Mike Trout had a typically great Mike Trout season, albeit a shortened one, in 2020. Though he was perhaps a victim of his own excellence.
Trout hit .281/.390/.603 with 17 home runs, a perfectly excellent season for most mortals. But that was the lowest batting average and wRC+ (164) of Trout’s nine “full” seasons, his lowest slugging percentage since 2016, and his lowest on base percentage since 2014.
He was still great, finishing in the top five in home runs, RBI, runs scored, OBP, slugging percentage, OPS, OPS+ (168), wRC+, and fWAR (2.6).
In American League MVP voting, Trout finished fifth. By all accounts, 2020 was another fantastic season for Trout. Fifth just happens to be his lowest finish in nine full seasons. Such is the burden of being Mike Trout, who can still be excellent yet not at his best.
Trout reached a milestone this year, and not just the birth of his son Beckham, born on July 30 with the baseball-friendly initials of BAT. After his son was born, Trout returned from the paternity list to hit nine home runs in 13 games.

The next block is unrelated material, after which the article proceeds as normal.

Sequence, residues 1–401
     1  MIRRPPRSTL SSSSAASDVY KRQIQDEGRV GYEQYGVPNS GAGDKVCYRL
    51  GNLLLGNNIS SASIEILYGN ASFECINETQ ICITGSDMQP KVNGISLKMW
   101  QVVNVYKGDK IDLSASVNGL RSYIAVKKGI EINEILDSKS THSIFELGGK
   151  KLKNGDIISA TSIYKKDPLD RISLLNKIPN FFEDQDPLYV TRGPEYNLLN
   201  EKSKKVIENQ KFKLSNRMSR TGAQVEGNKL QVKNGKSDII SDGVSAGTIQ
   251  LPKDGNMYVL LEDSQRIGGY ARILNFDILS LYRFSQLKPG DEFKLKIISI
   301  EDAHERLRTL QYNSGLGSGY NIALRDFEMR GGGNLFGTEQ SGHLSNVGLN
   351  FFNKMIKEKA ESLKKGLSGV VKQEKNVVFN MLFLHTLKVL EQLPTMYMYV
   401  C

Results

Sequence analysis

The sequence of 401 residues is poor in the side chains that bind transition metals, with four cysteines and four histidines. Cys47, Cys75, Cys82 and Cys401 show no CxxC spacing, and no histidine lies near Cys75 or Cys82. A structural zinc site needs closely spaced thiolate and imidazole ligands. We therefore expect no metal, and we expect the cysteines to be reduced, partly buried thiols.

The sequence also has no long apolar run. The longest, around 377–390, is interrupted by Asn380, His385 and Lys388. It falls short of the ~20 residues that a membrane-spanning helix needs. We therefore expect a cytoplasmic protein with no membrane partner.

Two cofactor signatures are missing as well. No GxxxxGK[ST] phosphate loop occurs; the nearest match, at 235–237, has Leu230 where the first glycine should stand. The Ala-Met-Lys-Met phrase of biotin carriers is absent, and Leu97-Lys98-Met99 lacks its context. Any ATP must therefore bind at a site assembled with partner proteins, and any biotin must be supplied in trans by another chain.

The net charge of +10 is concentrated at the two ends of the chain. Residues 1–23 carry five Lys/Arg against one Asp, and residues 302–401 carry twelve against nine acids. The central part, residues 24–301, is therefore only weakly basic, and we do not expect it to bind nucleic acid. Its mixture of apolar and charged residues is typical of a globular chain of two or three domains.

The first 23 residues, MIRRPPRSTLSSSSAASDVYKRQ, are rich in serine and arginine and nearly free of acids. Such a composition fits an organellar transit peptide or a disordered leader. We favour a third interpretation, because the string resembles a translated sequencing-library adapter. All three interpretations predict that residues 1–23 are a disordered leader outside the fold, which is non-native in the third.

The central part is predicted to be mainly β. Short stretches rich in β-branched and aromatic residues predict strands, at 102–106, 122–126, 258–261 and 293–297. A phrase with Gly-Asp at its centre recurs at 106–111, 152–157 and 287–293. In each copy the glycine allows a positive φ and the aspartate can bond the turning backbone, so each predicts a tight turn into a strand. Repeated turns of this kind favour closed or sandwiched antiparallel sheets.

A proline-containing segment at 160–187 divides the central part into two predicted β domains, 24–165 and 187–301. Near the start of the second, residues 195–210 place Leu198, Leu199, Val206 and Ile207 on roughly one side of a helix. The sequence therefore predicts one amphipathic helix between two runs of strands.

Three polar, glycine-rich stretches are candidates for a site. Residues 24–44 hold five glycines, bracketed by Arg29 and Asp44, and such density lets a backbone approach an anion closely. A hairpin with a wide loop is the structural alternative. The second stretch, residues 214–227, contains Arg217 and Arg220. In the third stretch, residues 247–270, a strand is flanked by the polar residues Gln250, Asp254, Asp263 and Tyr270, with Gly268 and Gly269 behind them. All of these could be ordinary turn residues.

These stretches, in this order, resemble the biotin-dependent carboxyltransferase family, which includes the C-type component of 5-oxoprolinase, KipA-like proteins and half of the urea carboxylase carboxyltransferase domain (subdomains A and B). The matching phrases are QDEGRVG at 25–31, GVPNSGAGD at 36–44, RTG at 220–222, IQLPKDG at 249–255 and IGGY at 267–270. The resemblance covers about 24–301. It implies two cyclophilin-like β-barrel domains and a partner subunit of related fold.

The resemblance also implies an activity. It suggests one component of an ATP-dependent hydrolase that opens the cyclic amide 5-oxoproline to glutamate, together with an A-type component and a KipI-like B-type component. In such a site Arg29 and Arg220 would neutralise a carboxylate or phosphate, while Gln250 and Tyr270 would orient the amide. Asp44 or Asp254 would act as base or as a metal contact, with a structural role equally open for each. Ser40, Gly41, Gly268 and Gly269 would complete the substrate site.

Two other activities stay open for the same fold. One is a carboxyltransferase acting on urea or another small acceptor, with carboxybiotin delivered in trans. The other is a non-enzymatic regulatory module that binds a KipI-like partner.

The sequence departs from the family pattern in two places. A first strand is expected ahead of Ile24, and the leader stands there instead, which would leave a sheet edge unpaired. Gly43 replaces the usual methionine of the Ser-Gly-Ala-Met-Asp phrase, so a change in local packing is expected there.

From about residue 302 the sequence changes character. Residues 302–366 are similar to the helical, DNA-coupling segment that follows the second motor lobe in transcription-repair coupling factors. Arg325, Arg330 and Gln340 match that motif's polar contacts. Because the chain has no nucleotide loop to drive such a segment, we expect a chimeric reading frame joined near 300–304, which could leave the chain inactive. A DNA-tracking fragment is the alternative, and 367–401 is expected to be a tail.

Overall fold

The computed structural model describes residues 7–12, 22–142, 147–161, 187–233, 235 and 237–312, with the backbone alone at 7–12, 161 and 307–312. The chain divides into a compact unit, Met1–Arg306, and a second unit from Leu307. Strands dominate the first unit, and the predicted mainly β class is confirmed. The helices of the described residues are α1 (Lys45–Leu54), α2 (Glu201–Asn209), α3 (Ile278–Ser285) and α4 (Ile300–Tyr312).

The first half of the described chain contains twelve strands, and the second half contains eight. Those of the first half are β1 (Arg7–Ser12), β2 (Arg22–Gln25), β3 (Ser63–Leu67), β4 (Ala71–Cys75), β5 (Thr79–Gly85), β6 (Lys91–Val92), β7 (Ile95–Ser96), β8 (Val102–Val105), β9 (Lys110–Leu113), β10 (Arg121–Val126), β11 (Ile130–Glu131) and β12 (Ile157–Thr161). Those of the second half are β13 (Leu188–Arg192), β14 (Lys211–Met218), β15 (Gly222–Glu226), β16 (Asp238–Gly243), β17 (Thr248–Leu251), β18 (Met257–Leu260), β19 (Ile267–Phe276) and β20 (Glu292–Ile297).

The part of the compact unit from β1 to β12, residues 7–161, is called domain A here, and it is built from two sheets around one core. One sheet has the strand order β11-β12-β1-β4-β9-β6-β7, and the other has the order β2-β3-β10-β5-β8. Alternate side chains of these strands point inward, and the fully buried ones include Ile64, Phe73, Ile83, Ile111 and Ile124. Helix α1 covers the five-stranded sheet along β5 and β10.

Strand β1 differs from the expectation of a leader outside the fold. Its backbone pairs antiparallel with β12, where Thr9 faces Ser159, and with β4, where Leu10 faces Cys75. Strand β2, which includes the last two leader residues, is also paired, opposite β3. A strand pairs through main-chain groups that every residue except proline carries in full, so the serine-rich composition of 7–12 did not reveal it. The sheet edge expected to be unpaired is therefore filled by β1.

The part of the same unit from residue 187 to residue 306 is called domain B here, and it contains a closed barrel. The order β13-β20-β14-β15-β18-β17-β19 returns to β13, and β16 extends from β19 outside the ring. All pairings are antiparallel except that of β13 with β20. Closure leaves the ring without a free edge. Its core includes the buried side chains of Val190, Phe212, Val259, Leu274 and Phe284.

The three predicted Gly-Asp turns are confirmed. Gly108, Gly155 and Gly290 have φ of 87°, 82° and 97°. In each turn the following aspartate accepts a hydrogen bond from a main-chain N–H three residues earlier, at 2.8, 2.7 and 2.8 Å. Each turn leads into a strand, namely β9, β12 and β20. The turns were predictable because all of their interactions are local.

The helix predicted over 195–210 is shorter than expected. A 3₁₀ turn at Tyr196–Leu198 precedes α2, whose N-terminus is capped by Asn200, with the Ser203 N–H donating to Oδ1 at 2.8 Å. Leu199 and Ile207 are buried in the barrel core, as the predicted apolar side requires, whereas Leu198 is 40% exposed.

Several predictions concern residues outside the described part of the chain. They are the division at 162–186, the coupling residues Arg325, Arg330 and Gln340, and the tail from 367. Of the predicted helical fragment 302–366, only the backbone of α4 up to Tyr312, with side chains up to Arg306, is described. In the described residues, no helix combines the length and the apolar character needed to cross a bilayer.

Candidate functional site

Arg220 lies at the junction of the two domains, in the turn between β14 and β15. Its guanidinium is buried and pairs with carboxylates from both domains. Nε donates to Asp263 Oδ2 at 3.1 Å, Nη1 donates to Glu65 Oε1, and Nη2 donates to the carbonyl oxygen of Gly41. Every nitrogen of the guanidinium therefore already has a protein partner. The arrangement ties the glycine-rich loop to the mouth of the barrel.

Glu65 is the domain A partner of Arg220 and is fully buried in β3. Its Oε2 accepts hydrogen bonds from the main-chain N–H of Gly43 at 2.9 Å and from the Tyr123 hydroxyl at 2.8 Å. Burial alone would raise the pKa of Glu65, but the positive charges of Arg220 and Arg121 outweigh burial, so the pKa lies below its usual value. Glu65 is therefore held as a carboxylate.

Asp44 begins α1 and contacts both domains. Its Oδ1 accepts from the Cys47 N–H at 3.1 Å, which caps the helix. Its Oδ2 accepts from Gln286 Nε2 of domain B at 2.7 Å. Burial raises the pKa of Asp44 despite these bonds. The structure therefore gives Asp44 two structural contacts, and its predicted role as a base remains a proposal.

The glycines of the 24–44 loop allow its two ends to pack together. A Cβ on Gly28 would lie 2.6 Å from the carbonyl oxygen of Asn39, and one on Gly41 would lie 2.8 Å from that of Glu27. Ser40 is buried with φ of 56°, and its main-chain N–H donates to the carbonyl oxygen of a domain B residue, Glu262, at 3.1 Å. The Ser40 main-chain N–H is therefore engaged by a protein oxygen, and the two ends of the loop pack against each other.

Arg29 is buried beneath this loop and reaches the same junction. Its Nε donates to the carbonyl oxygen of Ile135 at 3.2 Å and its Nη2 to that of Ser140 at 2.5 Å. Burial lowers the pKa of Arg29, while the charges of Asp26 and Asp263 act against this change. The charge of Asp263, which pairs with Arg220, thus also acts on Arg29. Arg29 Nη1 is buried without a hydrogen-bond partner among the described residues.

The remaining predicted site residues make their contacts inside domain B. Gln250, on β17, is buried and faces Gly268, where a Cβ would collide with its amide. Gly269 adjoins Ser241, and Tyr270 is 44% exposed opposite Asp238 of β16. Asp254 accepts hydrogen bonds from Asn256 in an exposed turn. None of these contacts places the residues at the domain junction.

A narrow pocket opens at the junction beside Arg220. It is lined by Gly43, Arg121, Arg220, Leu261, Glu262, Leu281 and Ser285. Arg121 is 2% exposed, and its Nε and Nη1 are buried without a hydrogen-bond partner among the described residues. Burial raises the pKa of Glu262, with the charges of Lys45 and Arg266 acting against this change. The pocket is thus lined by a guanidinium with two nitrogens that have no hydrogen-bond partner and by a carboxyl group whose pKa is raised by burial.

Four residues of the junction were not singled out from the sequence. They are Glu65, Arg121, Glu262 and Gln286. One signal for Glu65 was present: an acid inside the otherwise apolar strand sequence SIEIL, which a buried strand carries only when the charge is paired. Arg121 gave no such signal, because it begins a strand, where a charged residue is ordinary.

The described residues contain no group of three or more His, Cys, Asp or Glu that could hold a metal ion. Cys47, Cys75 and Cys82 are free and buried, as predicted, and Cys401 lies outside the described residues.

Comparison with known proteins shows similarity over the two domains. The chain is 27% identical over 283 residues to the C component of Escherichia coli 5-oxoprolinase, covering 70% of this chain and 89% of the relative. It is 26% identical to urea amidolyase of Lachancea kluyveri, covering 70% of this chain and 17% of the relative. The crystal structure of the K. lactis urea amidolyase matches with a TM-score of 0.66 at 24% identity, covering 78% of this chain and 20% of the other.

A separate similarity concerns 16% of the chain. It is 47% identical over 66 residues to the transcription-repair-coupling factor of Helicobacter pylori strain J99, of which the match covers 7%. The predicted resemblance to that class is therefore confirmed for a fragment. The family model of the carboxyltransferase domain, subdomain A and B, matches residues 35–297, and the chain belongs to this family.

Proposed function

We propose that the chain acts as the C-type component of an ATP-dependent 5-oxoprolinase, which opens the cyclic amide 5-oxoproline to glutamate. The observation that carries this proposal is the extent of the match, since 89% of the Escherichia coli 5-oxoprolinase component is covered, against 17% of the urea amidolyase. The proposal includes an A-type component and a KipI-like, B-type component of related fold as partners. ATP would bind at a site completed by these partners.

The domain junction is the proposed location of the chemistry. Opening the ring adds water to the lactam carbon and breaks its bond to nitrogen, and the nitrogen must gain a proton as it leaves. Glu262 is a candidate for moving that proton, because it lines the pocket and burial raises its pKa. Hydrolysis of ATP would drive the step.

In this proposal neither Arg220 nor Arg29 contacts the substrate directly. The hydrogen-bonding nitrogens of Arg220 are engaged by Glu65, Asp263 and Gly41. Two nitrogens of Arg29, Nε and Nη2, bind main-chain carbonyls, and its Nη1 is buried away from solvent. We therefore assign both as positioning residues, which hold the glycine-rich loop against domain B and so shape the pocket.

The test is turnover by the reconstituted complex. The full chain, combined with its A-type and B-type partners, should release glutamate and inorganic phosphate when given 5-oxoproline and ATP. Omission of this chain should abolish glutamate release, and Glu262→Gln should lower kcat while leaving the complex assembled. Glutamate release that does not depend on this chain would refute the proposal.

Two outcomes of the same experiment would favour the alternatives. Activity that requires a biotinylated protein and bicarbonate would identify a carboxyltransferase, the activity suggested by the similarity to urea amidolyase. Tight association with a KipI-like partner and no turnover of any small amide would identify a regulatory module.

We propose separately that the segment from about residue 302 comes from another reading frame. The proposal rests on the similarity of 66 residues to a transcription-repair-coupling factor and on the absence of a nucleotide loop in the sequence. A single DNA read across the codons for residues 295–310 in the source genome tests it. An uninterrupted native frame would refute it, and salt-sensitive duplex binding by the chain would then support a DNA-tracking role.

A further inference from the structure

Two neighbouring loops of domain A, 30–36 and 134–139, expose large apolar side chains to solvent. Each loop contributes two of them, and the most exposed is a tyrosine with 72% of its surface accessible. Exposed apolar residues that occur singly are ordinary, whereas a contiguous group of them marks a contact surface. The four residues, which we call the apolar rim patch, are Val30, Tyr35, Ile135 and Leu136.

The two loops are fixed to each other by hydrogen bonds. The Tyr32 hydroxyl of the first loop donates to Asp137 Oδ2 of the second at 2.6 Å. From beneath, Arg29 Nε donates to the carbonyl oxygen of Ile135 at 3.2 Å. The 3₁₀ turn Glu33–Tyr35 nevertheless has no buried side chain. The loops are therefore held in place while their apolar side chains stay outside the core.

On September 5 against the Astros, Trout took right-hander Brandon Bielak deep in the third inning at home. The 300th home run of Trout’s career gave him sole possession of the top spot on the Angels’ all-time home run list, and came one night after Trout tied Tim Salmon atop the leaderboard.
“At least I can pass the torch onto somebody in the family, another fish,” Salmon joked on the Fox Sports West broadcast.
Stats: .281/.390/.603, 17 HR, 46 RBI, 2.6 fWAR
Salary: $36 million
Game of the year
Trout on August 10 against the A’s had a season-high four hits, his 19th career game with four or more hits. The Angels trailed 9-4 at one point in this game, but Trout keyed the comeback, first with a two-run home run in the fourth inning then the game-winning home run to break a tie in the eighth, sending the Angels to a 10-9 victory.
Trout is under contract for 10 more seasons, and in 2021 will make $35.45 million. A bargain.